marshawn lynch

Marshawn Lynch has been around the game he left somewhat prematurely quite a bit this week. First, he took a trip to the Seahawks’ locker room, and last night he took the field in spectacular fashion as his alma mater, California, honored him ahead of their game against Washington.

In both instances there was never a hint that Lynch was considering strapping on a helmet and coming out of retirement. In fact, he’s been pretty clear about the permanence of his retirement. Still, the mere fact he was around the game once again was enough to send some fantasy football owners off the deep end.

Lynch is still available in the ESPN fantasy player universe, so adding him is at least within the realm of possibility, according to the fantasy football powers that be. But retired players generally stay in the pool for a year or two after they call it quits, just in case they have a change of heart.

The savvy fantasy owner might take note of Lynch’s activity, and make a mental note to keep tabs on a potential comeback, but going so far as to add him is a bit much.

Furthermore, 0.1% might not sound like a lot of movement, but when you consider the amount of people playing fantasy football on ESPN, it’s actually a pretty sizable number. The folks at For The Win even did some general math to calculate just how many people decided to pick Lynch up.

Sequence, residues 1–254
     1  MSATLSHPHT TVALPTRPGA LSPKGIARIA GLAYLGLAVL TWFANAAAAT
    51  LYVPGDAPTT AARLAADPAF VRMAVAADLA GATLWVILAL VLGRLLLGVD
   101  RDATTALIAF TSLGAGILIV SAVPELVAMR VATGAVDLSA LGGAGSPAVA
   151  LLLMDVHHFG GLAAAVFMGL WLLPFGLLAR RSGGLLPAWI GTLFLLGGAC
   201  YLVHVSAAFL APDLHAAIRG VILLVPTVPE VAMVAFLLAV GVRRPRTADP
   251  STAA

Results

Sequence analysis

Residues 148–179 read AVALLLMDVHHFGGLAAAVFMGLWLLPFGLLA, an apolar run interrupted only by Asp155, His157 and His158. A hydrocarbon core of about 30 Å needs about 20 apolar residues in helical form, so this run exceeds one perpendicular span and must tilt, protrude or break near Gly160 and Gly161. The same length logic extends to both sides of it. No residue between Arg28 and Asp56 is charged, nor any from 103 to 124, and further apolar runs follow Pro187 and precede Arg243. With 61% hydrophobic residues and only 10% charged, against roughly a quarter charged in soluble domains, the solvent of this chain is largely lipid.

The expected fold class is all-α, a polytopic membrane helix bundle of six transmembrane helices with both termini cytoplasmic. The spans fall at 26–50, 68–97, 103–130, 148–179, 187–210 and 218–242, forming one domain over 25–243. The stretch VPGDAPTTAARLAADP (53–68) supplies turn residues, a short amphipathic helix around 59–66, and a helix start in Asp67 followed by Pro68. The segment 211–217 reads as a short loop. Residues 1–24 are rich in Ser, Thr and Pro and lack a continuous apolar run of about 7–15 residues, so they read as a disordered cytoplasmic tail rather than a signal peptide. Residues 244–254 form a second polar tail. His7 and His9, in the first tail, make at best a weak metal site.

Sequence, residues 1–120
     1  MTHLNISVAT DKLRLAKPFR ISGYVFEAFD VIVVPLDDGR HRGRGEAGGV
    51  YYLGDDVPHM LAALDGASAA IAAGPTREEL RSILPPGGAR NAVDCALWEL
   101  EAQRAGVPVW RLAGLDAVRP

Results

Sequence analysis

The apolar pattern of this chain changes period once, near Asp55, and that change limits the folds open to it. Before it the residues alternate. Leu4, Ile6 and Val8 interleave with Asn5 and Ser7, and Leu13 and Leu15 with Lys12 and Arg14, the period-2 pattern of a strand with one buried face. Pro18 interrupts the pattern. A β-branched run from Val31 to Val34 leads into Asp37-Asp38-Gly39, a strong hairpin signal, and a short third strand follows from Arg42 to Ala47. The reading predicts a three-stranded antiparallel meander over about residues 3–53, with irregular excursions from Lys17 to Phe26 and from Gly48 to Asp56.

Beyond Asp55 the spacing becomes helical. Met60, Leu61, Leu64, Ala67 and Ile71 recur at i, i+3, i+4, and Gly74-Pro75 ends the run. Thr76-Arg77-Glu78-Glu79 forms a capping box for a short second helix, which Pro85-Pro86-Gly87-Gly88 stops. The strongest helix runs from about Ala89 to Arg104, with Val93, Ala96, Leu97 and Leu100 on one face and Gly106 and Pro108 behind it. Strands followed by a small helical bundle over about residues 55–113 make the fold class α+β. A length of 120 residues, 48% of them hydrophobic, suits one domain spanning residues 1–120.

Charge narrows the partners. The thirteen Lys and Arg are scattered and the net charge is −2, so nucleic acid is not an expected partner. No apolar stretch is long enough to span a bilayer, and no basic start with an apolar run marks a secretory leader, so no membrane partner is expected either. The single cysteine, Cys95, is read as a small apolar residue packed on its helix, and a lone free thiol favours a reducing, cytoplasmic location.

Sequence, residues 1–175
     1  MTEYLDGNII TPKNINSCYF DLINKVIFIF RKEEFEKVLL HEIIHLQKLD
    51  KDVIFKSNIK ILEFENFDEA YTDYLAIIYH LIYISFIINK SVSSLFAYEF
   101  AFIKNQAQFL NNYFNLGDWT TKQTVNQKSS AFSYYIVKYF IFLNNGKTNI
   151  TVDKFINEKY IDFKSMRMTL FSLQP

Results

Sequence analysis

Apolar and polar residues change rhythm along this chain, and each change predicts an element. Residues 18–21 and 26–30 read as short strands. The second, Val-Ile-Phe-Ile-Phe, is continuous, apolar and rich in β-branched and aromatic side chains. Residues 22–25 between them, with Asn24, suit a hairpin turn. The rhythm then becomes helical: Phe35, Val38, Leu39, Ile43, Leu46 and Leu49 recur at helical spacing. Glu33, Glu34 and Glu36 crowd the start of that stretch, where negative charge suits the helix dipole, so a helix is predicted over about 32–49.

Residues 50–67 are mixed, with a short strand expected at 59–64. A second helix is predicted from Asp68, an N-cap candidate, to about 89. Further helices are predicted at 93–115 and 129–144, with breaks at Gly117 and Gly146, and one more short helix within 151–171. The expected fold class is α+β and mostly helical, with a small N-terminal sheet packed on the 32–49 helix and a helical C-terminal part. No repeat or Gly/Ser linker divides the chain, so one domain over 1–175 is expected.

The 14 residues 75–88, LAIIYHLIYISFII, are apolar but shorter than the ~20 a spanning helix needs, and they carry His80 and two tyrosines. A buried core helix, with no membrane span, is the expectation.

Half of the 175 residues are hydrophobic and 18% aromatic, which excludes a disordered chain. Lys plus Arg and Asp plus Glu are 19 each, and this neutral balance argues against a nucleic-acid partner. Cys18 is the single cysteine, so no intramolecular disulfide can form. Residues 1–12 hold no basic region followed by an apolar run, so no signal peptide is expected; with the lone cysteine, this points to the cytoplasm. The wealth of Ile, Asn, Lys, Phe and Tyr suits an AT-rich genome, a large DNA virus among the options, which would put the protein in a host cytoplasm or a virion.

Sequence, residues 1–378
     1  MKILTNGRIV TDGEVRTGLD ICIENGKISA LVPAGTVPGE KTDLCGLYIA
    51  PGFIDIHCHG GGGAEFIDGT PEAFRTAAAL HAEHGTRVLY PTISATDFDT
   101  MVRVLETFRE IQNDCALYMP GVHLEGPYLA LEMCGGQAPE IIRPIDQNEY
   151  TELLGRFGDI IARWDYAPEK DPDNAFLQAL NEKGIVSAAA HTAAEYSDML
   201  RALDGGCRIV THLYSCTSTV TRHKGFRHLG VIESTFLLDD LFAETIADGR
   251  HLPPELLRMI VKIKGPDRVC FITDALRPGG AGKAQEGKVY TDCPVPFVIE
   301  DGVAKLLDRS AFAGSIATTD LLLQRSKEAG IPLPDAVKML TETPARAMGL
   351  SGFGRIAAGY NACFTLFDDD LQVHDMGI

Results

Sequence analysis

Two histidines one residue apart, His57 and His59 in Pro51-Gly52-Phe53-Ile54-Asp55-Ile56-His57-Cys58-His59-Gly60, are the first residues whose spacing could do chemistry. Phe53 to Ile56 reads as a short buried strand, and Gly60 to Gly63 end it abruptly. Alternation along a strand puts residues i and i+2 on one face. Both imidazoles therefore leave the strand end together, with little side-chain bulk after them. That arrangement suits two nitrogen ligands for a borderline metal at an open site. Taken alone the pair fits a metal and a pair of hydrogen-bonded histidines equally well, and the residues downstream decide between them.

While a 0.1% increase may not sound significant, consider this: About 75 million people play fantasy football every season, and more than 50% of online fantasy players use ESPN, according to an American Express survey.

That means thousands have added Lynch to their fantasy rosters this week in addition to the thousands who already had him. 

It may seem like a waste of a roster move to most, but because fantasy football is dumb like that, he might return and swing the playoff results for some leagues, and these ridiculous owners will have gotten in on the ground floor.

[For The Win]

About Ben Sieck

Ben is a recent graduate of Butler University where he served as Managing Editor and Co-Editor-in-Chief for the Butler Collegian. He currently resides in Indianapolis.